After they established themselves as a more active participant in the international market more than a decade ago, the Cardinals – through trial and error and several successes – shaped and developed strategies they’ve come to trust.
They like to spread the wealth and take advantage of time.
When this year’s international signing period opens Saturday, the Cardinals will be one of eight teams with the most money to spend, a purse of $6,262,200. The only NL Central team with the same limit is the Pittsburgh Pirates. The Cardinals expect to finalize a deal with a top-30 catching prospect, Venezuela’s Luis Rodriguez, sources said before the lockout began. Shortstop Jonathan Mejia, a top-15 prospect from the Dominican Republic, is also expected to sign with the Cardinals when the market opens, Baseball America reported.
For the second consecutive year the usual July 2 signing period has moved to January, adjusted due to the pandemic. This year, the international signing period will go from Saturday (Jan. 15) to Dec. 15. Teams cannot trade their spending pool during that time. Players must be 16 when they sign to be eligible.
Many of the top players are expected to finalize Saturday agreements already in place. The top prospects in this class are both switch-hitters: Cuban outfielder Cristian Vaquero and Dominican shortstop Roderick Arias. Vaquero reported has a deal in place with Washington, and Arias is expected to sign with the New York Yankees.
It is common for agreements to be in place before the signing period begins and the initial commitments can start when a player is 15. That is part of the reason owners are interested in establishing a international draft, and that was part of Thursday’s proposal to the players’ union for a new CBA.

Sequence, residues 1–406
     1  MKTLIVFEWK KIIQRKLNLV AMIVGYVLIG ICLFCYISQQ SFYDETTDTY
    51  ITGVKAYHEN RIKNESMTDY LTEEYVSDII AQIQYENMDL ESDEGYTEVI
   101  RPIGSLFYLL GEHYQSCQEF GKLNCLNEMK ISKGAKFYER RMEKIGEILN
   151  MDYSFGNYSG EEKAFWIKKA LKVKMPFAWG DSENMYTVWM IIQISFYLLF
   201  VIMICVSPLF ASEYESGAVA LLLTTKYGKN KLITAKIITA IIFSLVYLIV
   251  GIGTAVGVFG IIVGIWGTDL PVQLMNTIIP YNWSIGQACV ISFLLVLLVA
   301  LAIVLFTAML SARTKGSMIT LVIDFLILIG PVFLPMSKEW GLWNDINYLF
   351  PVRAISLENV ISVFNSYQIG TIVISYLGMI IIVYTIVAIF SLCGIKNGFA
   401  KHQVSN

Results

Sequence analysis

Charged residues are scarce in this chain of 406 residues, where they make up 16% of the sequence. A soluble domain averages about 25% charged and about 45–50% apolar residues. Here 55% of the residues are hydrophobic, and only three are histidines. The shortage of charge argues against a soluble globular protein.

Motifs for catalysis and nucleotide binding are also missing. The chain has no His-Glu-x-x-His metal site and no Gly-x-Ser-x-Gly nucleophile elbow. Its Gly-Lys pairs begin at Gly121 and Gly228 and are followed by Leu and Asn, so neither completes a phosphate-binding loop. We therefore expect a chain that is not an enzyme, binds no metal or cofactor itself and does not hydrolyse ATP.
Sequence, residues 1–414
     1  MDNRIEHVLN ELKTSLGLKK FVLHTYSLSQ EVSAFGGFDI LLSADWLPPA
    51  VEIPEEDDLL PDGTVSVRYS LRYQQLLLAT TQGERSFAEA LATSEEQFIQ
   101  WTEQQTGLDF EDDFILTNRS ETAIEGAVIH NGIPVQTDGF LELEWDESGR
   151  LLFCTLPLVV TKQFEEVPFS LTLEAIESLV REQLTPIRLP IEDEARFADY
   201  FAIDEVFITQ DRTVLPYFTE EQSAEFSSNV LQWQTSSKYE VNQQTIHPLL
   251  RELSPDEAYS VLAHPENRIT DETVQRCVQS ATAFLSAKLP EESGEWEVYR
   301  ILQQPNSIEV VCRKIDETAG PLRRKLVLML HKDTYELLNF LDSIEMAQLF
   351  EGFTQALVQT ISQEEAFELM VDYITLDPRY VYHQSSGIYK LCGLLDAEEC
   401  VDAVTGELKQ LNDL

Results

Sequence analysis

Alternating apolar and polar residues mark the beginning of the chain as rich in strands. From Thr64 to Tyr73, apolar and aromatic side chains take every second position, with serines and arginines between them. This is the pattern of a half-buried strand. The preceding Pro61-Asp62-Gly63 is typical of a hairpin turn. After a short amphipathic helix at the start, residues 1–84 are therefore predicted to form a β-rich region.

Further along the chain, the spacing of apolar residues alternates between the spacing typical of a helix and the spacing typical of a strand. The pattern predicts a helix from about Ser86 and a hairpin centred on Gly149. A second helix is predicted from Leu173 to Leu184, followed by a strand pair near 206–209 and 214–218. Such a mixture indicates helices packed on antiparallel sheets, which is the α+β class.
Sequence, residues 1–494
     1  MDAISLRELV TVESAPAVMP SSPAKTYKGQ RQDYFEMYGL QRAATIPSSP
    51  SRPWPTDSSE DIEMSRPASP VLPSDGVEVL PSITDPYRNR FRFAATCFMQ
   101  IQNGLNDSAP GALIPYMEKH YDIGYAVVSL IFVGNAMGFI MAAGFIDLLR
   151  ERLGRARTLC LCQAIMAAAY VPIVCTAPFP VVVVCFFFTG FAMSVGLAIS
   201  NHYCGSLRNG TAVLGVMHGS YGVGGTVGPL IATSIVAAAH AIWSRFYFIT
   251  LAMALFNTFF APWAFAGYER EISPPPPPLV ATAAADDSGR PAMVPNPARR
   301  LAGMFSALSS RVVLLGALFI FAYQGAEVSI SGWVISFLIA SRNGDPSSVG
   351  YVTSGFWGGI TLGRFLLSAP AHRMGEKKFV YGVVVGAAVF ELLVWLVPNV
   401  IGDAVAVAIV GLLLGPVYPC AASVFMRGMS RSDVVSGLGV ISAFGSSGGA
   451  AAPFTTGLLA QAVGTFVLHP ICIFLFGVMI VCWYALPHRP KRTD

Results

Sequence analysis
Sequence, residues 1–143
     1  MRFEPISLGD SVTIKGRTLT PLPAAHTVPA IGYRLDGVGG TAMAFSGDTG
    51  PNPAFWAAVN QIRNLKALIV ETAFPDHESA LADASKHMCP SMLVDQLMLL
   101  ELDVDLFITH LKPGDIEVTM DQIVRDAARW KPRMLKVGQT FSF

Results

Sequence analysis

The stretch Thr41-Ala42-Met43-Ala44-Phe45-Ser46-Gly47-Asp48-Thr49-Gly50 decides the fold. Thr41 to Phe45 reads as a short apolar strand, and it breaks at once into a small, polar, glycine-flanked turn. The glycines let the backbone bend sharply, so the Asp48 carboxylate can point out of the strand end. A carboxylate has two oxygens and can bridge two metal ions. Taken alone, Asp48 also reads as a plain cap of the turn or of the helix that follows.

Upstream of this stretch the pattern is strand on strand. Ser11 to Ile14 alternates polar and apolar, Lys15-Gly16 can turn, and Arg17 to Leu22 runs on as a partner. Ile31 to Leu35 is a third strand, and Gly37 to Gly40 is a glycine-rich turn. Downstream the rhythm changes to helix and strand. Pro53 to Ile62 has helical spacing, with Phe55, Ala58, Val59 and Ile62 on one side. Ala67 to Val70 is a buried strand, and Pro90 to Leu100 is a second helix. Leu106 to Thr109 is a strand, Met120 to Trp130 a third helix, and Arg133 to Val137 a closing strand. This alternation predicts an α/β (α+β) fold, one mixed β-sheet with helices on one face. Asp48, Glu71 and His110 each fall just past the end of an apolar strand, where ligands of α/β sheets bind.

The international signing period will continue despite the lockout because it does not involve major-league contracts or MLBPA members.
It is not clear how the Cardinals will handle the announcement of their signings given the team policy not to comment to the media during the lockout. They plan to finalize deals with more than two players over the weekend.
In past years, the Cardinals have not lumped their spending money on one or two players or pursued the top tier talents, and they have also preferred to keep some in their pocket for talent available later in the signing period. That was when they signed Randy Arozarena, rising prospect Malcom Nunez, a third baseman. Pitcher Freddy Pacheco, who was recently added to the 40-man roster, was a November 2017 international signing. He struck out 95 in 54 innings at three minor-league levels this past season.
In March, late in the rescheduled signing period, the Cardinals were able to sign Cuban outfielder Luis Mario Pino to a $767,000 bonus because they waited for him to become eligible. He had a solid pro debut this past summer with the Cardinals’ Dominican Summer League’s Blue team. He hit .247/.362/.418 for a .780 OPS in 42 games at 17. He hit six homers and struck out 52 times in 146 at-bats and walked 17.
Two of Pino’s teammates on the DSL Blue Cardinals were the headliners from last year’s international signing class: shortstop Adari Grant, of the Bahamas, and catcher Leonardo Bernal, a standout youth player from Panama.
Grant, 18, hit .220/.326/.305 with a .631 OPS in 43 games. He had 53 strikeouts in 164 at-bats against 36 hits and 21 walks. He had 11 extra-base hits. A gifted athlete, he’s viewed as a rising defensive standout at the position while he grows into strength and experience that should improve his offensive game. Bernal, 17, grabbed attention with his offense and his leadership against older players in international tournaments. In his pro debut, Bernal hit .209/.298/.373 for a .671 OPS. He had five homers and 15 extra-base hits against 28 strikeouts in 158 at-bats.